Linked by Thom Holwerda on Fri 10th Feb 2012 00:13 UTC
In the News "Like any space opera, the story of information technology is a very simple one. It is played out in a myriad of different ways by a revolving cast of characters, but it always has its loveable heroes, its predictably nefarious villains, innocent civilians to be saved, and bumbling bureaucrats that aren't inherently evil, but begin every story aiding the forces of darkness out of a misplaced belief they are preserving law and order in their corner of the galaxy." He might use Star Wars as an analogy (I strongly dislike Star Wars - Trekkie here), but it sums up very well how I feel about computing today.
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RE[3]: A little over-dramatic
by Valhalla on Fri 10th Feb 2012 04:44 UTC in reply to "RE[2]: A little over-dramatic"
Valhalla
Member since:
2006-01-24

Once the entertainment industry dies and there's nobody to put the smackdown on people pirating,

What smackdown are you referring to?

Hell, people in the US (who don't have ANY excuses) are pirating $1 Android and iOS apps, so what does that tell you?

I'd say the fact that that despite anti-piracy measures being totally ineffective and prices in general inflated due to middlemen wanting their cut there's still a large market of people out there willing to pay for these things which are in reality easy and pretty much risk-free to pirate, then there's every reason to think that with prices slashed due to the elimination of middlemen and the possibility of having the whole world as your market we will see a much better overall situation for those who want to live of their artistry.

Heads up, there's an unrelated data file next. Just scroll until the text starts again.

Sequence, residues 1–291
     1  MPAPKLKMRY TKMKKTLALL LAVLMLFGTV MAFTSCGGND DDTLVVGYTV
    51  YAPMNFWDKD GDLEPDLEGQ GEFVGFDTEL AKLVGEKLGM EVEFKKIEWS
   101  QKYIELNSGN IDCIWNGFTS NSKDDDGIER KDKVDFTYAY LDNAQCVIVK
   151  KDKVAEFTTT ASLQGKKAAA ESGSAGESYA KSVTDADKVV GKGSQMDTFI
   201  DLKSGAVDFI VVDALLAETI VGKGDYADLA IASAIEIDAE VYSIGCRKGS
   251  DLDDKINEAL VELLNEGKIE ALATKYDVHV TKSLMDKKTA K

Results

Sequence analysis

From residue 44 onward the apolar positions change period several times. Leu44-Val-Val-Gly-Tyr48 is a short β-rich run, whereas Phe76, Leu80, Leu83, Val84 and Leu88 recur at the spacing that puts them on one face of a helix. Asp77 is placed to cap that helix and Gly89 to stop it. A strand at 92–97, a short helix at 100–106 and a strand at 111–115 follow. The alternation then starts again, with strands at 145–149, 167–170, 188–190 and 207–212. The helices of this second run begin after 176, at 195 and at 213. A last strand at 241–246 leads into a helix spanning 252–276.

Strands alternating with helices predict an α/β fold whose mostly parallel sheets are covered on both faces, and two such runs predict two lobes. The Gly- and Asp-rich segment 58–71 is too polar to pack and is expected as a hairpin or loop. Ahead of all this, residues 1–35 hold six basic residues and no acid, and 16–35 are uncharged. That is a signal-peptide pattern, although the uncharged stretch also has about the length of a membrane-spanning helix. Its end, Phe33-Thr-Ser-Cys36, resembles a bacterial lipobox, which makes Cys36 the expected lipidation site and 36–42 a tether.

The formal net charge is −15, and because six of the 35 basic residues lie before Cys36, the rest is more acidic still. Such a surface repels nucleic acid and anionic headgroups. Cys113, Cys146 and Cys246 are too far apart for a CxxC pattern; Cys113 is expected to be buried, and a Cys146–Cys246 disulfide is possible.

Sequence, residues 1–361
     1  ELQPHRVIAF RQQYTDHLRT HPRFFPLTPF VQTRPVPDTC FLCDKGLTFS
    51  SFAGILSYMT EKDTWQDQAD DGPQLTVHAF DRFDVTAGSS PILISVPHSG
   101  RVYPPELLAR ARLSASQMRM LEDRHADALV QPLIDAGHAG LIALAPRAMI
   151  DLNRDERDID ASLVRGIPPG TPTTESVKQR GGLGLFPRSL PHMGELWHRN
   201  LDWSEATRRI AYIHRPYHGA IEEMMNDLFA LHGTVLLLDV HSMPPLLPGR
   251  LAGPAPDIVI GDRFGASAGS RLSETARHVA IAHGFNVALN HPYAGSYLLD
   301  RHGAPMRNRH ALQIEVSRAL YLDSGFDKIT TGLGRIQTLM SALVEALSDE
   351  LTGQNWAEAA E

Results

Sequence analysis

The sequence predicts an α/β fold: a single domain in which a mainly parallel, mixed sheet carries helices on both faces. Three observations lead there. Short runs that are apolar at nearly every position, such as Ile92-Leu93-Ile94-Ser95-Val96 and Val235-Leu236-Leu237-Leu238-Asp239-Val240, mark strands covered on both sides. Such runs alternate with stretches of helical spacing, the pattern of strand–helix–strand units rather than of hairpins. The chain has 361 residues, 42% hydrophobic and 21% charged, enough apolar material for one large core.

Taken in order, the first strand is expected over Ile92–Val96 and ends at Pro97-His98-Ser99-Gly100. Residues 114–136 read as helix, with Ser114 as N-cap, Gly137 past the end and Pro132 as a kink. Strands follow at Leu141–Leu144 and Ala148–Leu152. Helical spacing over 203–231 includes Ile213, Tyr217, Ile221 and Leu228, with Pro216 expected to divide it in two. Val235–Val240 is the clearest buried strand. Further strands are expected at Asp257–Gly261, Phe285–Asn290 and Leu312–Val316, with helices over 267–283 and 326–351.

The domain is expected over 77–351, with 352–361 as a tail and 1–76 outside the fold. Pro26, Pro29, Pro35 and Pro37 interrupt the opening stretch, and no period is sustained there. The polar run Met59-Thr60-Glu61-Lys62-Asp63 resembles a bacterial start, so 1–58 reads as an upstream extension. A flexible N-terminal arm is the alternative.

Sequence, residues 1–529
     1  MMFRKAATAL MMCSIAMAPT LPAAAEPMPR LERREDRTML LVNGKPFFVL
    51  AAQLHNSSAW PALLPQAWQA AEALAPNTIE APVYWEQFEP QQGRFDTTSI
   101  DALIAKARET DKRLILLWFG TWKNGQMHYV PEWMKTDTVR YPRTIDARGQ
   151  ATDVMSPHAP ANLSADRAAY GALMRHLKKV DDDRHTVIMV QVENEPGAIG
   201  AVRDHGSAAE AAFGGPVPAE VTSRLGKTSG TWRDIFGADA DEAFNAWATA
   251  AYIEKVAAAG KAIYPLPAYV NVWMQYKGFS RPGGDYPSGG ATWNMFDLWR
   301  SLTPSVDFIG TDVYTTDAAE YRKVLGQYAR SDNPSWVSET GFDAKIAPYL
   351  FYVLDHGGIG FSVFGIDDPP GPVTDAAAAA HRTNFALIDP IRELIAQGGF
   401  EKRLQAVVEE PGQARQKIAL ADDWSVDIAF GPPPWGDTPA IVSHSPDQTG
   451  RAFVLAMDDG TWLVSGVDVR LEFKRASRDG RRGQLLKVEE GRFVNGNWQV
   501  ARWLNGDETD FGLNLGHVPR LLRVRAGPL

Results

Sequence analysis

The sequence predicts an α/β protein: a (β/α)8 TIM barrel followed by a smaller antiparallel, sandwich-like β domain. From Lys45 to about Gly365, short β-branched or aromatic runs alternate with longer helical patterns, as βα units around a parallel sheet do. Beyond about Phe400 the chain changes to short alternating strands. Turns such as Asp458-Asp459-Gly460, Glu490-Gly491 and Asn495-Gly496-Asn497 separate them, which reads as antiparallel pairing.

See 'pay what you want' successes like the humble bundles, or how we are seeing the rise of crowdfunded projects, there are people out there willing to pay for things they enjoy and that they want others to begin/continue creating.

Likely we won't have the obscenely wealthy superstars like Micheal Jackson, Madonna etc (oh no!) but I think a much larger amount and range of artists will be able to live comfortably off their creations than what was possible under the rule of all-empowered labels who held all the cards by being the gatekeepers you needed to sell yourself to before you had any chance of reaching your intended audience.

We obviously differ in opinion here and it will be interesting to see what the future holds. And obviously the 'content barons' aren't about to give up their (increasingly irrelevant) spot in the ecosystem without a fight and their SOPA attempt was just a small part of their ongoing effort I fear.

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